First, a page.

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Why Do Mobile Subscribers Jump Ship?

September 08, 2009

From “Ocean’s 11” (2001):
 
Terry: All right. Now I have complied with your every request, would you agree?
Rusty: I would.
Terry: Good, ‘cause now I have one of my own. Run and hide, a*hole. Run and hide. If you should be picked up next week buying a hundred-thousand dollar sports car in Newport Beach, I am going to be supremely disappointed. Because I want my people to find you, and when they do, rest assured we are not going to hand you over to the police. So my advice to you again is this: run and hide. That is all that I ask. 

 
It is a sorry state of affairs when mobile subscribers, if given a chance, jump ship and run as quickly as possible to a competitor. A recent posting regarding changes in T-Mobile’s ETF seems to support this premise. But why do customers jump? The reasons may be financial, or in some cases another operator has the latest bling, but in most cases it is due to a poor customer experience.
 
The dreaded tech support call is the one time where a typical subscriber has a live interaction with the nameless, faceless, operator. The one time that said operator could build loyalty (as Apple does with its stores), or the one time to really blow it. So, will T-Mobile face the same grim reaper as Sprint? Two recent studies could prove otherwise.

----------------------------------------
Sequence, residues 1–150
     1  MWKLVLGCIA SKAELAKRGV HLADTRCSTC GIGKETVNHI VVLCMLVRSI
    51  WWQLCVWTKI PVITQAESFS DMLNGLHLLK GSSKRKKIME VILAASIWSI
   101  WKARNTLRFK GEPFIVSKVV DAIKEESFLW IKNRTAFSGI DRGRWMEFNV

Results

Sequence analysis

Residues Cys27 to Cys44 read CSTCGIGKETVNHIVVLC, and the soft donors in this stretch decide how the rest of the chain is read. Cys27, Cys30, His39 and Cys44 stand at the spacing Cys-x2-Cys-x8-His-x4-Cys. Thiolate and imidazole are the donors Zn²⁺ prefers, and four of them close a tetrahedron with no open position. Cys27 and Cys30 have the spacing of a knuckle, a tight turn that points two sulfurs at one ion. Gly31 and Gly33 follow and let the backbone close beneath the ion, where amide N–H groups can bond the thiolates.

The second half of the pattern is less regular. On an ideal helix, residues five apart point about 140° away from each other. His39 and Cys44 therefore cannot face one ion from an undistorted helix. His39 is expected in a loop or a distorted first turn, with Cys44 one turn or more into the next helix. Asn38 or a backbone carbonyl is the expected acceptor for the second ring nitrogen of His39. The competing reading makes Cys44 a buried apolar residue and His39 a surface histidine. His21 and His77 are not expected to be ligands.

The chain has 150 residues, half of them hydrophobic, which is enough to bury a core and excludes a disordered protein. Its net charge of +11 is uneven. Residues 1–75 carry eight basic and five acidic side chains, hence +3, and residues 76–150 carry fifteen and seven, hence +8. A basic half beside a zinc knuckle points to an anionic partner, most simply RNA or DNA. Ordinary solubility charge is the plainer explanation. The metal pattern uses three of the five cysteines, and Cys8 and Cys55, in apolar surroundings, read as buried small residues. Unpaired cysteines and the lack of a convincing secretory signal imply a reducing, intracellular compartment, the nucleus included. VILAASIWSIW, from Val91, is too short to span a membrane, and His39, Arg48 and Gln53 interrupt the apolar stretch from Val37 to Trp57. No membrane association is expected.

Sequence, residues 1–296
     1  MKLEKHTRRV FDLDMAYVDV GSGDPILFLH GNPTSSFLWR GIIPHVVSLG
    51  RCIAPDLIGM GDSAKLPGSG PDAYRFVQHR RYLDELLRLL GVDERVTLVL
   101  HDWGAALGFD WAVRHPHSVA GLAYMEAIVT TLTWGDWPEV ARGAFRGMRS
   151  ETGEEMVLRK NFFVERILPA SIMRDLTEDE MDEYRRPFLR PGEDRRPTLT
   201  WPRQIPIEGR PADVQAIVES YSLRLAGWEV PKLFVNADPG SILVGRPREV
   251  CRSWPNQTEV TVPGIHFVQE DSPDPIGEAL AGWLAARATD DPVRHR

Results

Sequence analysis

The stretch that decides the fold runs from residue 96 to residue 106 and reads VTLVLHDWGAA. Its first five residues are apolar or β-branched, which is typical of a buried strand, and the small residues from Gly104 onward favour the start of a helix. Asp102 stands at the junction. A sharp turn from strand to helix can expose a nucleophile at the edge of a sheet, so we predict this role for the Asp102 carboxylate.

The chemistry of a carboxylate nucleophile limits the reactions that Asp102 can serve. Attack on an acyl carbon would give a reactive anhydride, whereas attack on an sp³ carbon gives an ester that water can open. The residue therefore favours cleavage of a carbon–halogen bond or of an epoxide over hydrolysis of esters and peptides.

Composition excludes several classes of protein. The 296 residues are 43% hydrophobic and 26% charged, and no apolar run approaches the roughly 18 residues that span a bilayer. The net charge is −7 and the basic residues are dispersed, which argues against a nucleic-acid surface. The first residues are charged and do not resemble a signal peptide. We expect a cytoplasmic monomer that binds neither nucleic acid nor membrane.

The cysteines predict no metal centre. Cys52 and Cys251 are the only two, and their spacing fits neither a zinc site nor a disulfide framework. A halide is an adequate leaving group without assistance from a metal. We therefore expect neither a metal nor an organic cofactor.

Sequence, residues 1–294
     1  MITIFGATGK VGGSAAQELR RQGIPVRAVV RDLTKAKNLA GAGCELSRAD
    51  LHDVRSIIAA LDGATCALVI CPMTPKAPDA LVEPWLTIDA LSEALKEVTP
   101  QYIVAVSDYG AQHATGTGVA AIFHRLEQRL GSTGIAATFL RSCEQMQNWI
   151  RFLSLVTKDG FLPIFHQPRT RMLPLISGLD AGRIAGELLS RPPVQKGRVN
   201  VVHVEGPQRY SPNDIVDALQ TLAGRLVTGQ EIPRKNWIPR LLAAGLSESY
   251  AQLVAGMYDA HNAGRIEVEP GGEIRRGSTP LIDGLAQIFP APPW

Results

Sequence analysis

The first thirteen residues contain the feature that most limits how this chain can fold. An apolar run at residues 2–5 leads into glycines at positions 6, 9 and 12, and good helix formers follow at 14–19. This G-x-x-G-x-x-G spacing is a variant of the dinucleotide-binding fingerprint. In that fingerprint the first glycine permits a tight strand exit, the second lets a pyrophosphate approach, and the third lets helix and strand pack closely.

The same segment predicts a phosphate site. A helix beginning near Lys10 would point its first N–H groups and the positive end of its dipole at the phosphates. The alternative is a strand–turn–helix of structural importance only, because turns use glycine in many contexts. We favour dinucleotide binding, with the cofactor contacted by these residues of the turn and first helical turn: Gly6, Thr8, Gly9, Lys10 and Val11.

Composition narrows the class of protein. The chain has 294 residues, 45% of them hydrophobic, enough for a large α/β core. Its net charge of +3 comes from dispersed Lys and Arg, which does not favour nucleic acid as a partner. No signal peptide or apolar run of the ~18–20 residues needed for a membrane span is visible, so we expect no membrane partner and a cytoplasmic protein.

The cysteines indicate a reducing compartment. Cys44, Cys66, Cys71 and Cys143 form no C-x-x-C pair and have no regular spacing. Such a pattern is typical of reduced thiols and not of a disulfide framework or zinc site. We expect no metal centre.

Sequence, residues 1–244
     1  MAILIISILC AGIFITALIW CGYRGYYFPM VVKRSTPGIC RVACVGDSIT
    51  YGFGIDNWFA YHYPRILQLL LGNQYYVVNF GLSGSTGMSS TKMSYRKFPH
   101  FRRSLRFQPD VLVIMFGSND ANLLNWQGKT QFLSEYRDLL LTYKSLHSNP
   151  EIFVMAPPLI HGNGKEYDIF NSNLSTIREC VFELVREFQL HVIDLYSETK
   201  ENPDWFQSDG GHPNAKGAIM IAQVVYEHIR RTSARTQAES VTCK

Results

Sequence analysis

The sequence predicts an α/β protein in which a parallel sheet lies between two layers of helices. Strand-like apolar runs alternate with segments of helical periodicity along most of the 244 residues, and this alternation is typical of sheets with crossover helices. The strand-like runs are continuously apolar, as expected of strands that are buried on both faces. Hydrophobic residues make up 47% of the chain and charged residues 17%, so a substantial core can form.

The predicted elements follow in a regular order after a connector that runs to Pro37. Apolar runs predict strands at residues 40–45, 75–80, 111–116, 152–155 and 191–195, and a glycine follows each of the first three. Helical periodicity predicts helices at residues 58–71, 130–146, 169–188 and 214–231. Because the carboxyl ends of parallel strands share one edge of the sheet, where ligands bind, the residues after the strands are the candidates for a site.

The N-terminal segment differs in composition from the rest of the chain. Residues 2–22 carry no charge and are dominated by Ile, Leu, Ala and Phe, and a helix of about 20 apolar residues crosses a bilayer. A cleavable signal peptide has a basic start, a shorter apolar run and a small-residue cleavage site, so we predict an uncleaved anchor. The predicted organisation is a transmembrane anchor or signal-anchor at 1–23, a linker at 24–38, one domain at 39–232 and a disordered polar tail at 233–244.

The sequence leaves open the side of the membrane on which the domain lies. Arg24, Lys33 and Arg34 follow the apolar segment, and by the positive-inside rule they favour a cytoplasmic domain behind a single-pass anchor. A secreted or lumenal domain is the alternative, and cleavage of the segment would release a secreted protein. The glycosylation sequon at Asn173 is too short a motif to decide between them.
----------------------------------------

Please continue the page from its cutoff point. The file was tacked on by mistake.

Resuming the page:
Net Promoter groups customers into promoters and detractors based on a satisfaction metric derived from customer experience. In a study published in 2008, they highlighted differences between operators with high scores, such as Verizon Wireless, and low scores such as Sprint. The conclusion was that the differences would impact the operator’s ability to attract new customers, retain customers, and the costs associated with these actions.
 
As we’ve seen, the analysis proved correct. Although T-Mobile was not at the top (VZW with 25 percent), its score was respectable (15 percent) vs Sprint (-20 percent). The same conclusions may be reached through scores published just this year by the American Customer Satisfaction Index (ACSI), where once again, Verizon was in first (74), T-Mobile in second (71), and Sprint last (63).
 
So, in difference to Andy Garcia in “Ocean’s 11,” I’m going to predict that TMO’s subscribers won’t run and hide. The operator attracts a good and growing demographic, has done a fine job with its Android launch (including over-the-air updates, which some other vendors do not seem to have mastered), doesn’t seem to suffer iPhone covet, and from what I’ve heard from others in my building, delivers a great customer experience.

David Ginsburg is vide president of marketing at Innopath Software.

Edited by Michael Dinan

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